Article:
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Old 26-03-2018, 10:21   #12
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Re: LIGHTNING DETAILS -Risk Management

Lightning Facts: An Analysis of Lightning Strikes >> Scuttlebutt Sailing News

This article is quite factual with some statistics.
Hope you learn something. I did.

My cat was struck in Guatemala (rio Dulce)
Every electronic device aboard was grilled. Radar, pilot, wind instruments. AIS VHF touch screen, you name it.
Next time I go to a lightning prone area, I'll disconnect absolutely everything.
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Old 26-03-2018, 10:28   #13
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Re: LIGHTNING DETAILS -Risk Management

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Why makes aircraft safe flying near or thru thunderstorms?

The same reason that birds can sit on an electrical wire and not die -- the circuit is not complete.

Lightning jumps around it doesn't just go where you expect. And it does damage as it goes -- chains or other metal things can actually explode (such as the large SSB bronze plate ground attache to the hull below waterline), fiberglass cooks and becomes brittle etc.
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Old 26-03-2018, 11:04   #14
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Re: LIGHTNING DETAILS -Risk Management

Quote:
.....

Am I protected enough with a steel hull?

If no. should I just turn off all Nav/ electronics when a Sumatra hits near Singapore?
I've been on a friends steel hull who was hit by lightning while offshore in Central America. The hit started a fire in a wiring harness in the engine room and fried some electronics. Steel hulls seem to statistically be less prone to lightning damage, but not immune.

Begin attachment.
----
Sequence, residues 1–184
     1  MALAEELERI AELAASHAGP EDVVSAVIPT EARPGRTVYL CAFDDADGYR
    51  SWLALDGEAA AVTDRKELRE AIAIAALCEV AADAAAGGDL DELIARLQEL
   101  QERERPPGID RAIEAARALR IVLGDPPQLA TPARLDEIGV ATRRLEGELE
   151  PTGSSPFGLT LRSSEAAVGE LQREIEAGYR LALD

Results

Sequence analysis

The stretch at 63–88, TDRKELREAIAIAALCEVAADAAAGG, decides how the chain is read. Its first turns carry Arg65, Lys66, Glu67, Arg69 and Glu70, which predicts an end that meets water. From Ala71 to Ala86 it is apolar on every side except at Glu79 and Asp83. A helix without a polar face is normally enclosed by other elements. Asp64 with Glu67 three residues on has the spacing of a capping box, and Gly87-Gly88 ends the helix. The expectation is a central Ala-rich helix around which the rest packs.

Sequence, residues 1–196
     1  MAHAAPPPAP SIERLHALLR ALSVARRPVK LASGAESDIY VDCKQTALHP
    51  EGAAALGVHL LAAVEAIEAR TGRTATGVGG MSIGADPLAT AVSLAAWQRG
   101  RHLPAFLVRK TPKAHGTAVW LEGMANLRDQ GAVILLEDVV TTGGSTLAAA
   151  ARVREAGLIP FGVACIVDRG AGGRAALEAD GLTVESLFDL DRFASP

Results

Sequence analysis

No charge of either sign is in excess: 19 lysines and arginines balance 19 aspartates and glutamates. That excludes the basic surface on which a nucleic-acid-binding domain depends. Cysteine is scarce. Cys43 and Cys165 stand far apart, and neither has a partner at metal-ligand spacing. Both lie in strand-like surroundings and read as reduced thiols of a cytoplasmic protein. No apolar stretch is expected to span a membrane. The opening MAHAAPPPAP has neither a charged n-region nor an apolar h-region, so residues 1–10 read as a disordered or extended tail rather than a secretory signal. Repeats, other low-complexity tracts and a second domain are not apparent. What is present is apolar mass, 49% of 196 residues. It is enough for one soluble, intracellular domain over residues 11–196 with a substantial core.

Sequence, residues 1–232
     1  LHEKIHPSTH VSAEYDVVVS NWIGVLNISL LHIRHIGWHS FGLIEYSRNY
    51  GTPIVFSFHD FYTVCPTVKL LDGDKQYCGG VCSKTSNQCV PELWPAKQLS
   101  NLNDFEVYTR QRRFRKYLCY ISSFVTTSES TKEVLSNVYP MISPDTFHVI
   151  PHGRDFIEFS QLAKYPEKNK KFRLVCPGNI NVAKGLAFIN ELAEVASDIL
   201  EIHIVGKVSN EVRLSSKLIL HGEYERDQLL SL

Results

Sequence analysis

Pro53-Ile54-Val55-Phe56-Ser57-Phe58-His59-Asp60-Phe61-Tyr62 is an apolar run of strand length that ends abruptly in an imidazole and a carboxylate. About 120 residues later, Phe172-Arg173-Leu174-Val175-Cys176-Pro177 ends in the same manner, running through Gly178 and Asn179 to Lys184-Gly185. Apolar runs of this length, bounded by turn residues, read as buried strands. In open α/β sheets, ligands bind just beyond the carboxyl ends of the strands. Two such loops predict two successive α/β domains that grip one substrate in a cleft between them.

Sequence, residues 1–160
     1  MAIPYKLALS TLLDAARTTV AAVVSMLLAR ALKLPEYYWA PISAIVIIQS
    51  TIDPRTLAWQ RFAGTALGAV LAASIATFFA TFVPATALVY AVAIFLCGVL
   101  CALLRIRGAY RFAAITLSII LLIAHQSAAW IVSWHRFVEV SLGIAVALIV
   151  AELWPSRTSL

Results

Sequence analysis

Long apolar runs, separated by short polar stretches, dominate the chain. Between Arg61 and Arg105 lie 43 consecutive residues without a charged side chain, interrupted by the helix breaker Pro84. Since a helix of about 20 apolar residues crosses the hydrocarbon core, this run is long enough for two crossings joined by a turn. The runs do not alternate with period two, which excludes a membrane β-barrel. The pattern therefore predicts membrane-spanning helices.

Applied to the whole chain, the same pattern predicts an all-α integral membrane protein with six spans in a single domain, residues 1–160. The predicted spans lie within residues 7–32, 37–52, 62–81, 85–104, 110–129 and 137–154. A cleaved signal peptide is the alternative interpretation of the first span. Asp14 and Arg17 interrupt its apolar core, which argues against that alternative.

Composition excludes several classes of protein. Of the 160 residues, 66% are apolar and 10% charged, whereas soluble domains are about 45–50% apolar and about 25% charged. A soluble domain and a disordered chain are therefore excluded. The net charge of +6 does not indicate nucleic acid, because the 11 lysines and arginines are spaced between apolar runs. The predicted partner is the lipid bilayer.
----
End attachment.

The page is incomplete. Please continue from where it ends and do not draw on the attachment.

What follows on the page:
I think there are two things you can do concerning lightning.
1. Keep backup nav electronics in a cage, aka the given.
2. Stay out of high lightning areas in the thunderstorm season.
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Old 26-03-2018, 11:07   #15
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Re: LIGHTNING DETAILS -Risk Management

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If lightning struck the stainless Mast Caps of my wooden Masts, would it not just travel down the path of leat resistance....i.e the heavy rigging to hull and dissipate in salt water?

"Electricity follows the path of least resistance" A popular and hugely misleading statement!

Current will flow through *all* available paths in an amount proportional to the resistance of that path.

Say you hook up a battery to a light bulb, but you wire it up with two parallel sets of wires. One set of wires is copper, the other is aluminum. If electricity "followed the path of least resistance", you'd expect all of the current to be flowing through the copper wire (since it is about twice as conductive as aluminum). In fact, that is not true. In this example, I guess about a third of the current would be flowing through the aluminum, the rest would flow through the copper.

Don't think that because you've given lightning a great down conductor that the other components in your rigging won't also see some current!